COMMENTS BY THE PERMANENT BUREAU OF THE HAGUE CONFERENCE by bww11248

VIEWS: 9 PAGES: 16

									     PROPOSAL FOR A COUNCIL REGULATION ON THE LAW
APPLICABLE TO NON-CONTRACTUAL OBLIGATIONS, PRESENTED BY
     THE COMMISSION OF THE EUROPEAN COMMUNITIES:



                     COMMENTS BY
     THE PERMANENT BUREAU OF THE HAGUE CONFERENCE
             ON PRIVATE INTERNATIONAL LAW
  ON THE PROVISIONS RELATING TO ENVIRONMENTAL DAMAGE
                                                                                   2


                                    CONTENTS


I.   INTRODUCTION ___________________________________________3


II. INTERACTION WITH OTHER INTERNATIONAL INSTRUMENTS _______4


III. THE APPLICABLE LAW ______________________________________5

1.   Basic Principles and examples________________________________5

2.   A preferred approach_______________________________________6
     A.   The law favouring the injured party (Günstigkeitsprinzip) _____________ 6
     B.   The law of the place of the damage (lex damni) vs the Günstigkeitsprinzip 8

3.   Party autonomy __________________________________________10

4.   Potential victims _________________________________________10

5.   Scope of the applicable law _________________________________10
     A.   Multiple Party liability ________________________________________ 11
     B.   Liability of a parent company for acts of subsidiaries/branches ________ 11
     C.   Liability of a company for acts of its organs _______________________ 12

6.   Rules of conduct and safety_________________________________12
     A.   In general _________________________________________________ 12
     B.   The effects of an administrative authorisation abroad _______________ 13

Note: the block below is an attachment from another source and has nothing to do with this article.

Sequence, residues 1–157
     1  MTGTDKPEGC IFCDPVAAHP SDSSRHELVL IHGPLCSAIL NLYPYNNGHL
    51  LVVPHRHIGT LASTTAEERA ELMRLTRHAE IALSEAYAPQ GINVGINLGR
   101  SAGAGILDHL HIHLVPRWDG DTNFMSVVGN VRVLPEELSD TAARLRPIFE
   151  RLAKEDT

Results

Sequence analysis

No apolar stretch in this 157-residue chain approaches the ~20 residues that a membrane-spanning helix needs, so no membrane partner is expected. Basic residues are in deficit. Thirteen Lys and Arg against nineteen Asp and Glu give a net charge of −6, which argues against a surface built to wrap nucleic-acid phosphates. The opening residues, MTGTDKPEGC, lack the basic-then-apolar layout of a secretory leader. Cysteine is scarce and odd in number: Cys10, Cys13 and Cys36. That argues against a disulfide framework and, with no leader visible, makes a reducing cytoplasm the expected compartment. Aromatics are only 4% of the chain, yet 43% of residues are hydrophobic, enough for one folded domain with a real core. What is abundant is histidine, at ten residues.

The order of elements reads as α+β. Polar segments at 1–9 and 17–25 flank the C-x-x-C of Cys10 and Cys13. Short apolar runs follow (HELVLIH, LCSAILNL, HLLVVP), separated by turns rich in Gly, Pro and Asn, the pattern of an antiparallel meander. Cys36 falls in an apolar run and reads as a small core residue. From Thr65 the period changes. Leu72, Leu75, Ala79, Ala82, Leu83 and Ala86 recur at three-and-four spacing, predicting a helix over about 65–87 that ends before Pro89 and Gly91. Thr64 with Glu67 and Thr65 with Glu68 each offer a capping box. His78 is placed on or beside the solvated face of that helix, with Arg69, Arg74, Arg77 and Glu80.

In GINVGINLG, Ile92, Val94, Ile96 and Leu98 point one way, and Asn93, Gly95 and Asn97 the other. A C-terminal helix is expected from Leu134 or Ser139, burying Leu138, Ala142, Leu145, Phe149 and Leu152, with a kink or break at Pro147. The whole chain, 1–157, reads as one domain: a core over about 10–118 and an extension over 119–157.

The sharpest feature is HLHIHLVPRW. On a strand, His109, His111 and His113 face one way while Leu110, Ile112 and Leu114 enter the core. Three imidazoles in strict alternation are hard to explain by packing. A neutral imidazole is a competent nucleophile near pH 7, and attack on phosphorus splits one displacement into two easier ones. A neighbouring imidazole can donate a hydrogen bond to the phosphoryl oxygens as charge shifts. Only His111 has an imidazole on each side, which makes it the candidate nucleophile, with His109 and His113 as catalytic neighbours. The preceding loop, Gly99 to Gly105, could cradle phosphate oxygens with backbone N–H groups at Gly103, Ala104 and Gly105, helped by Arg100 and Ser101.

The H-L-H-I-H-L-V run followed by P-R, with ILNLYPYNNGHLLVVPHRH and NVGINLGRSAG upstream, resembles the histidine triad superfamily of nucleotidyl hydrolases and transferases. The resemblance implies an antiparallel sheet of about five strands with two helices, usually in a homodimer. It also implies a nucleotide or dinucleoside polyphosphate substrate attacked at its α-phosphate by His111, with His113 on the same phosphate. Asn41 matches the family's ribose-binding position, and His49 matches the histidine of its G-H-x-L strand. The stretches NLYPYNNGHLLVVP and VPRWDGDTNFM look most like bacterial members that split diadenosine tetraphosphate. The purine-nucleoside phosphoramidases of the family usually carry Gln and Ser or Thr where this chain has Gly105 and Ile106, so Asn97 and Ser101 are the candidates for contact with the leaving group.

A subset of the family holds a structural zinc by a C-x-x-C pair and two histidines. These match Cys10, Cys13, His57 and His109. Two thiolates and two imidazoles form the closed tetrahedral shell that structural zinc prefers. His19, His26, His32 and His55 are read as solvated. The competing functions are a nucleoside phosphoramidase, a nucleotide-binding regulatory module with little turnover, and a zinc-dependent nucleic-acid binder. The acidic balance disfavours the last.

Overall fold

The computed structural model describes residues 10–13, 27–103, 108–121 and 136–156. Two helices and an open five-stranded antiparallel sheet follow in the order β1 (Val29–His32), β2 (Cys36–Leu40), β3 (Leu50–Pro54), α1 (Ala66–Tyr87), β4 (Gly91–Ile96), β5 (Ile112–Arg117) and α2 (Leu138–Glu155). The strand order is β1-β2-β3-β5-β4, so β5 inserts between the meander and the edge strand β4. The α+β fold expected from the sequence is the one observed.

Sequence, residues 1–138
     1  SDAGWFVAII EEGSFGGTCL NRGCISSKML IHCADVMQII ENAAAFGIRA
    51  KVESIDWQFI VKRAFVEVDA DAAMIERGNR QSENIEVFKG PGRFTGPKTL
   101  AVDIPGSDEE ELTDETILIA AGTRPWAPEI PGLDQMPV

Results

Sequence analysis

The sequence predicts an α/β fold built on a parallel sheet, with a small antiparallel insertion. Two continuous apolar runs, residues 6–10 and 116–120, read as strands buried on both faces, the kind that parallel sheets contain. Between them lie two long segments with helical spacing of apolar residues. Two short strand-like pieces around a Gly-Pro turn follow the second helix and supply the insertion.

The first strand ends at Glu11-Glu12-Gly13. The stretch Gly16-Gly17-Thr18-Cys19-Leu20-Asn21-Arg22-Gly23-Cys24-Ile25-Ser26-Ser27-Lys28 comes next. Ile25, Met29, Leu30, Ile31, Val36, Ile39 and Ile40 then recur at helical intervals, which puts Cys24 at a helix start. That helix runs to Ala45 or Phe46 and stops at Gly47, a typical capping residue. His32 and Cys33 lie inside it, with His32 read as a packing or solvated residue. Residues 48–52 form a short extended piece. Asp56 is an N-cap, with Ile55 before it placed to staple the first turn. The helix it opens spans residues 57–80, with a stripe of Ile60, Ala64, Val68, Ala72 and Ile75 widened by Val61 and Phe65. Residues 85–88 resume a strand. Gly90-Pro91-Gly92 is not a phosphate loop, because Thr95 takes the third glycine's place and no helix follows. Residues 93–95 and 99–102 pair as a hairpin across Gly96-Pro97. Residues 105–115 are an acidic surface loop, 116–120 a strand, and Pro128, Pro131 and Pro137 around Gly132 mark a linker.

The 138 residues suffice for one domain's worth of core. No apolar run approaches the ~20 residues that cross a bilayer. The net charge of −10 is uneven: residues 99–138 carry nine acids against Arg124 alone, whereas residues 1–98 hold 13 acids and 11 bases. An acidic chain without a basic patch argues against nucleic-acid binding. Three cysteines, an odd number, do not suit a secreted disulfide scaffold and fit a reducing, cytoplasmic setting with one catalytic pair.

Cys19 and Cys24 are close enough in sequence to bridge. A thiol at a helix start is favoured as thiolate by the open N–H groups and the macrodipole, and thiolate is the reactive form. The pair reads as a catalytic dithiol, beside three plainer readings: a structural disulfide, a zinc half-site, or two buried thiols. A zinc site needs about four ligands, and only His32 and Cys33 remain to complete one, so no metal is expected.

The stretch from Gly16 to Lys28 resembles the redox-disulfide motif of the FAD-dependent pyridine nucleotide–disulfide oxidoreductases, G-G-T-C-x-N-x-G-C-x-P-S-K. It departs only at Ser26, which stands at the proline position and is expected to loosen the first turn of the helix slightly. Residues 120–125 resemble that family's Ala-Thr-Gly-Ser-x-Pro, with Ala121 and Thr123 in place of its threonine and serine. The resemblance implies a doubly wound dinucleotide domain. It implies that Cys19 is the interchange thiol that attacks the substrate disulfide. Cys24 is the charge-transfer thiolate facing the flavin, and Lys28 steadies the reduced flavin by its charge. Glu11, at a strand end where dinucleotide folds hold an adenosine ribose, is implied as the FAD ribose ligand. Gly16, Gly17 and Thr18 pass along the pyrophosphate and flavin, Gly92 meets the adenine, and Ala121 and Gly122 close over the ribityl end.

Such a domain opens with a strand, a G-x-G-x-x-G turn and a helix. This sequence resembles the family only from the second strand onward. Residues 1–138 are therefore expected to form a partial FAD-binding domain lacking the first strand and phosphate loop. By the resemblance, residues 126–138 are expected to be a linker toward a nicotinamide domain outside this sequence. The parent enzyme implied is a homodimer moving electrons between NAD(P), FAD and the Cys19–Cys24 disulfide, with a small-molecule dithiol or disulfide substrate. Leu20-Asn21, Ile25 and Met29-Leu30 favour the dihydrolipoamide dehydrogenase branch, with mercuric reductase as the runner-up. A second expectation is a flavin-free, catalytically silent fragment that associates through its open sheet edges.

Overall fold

7.   Effect of insurance policies _________________________________14

8.   Renvoi _________________________________________________15

9.   Mandatory rules__________________________________________15


IV. CONCLUDING COMMENTS __________________________________15
                                                                                                           3




I.      Introduction


The Permanent Bureau of the Hague Conference on Private International Law would
like to submit the following comments in response to the invitation by the European
Commission for consultation on a preliminary draft proposal for a Council
Regulation on the law applicable to non-contractual obligations.1 These comments
relate exclusively to the conflict of laws issues in the field of environmental liability
and do not prejudice the position the Permanent Bureau might take on other issues
dealt with in the Draft regulation.

At the outset, the Permanent Bureau wishes to underline the importance of a sound
conflict of laws regime for cross-border environmental damage and welcomes the
Commission’s initiative to address this specific issue in the Draft Regulation.                           It
remains, however, significantly important that such legislation at the regional level
does not prevent further unification at a global level in this area through a more
detailed international instrument.

Also, the Permanent Bureau has previously embarked on work in the field of civil
liability resulting from transfrontier environmental damage.                     In 1992, it was first
proposed by the Permanent Bureau that this topic be included on the Conference’s
agenda.        Since that time, the Permanent Bureau has continued to carry out
activities in this field2 and at the Conference’s Eighteenth Session in 1996 it was
emphasised           that       the       Permanent          Bureau         should         continue       to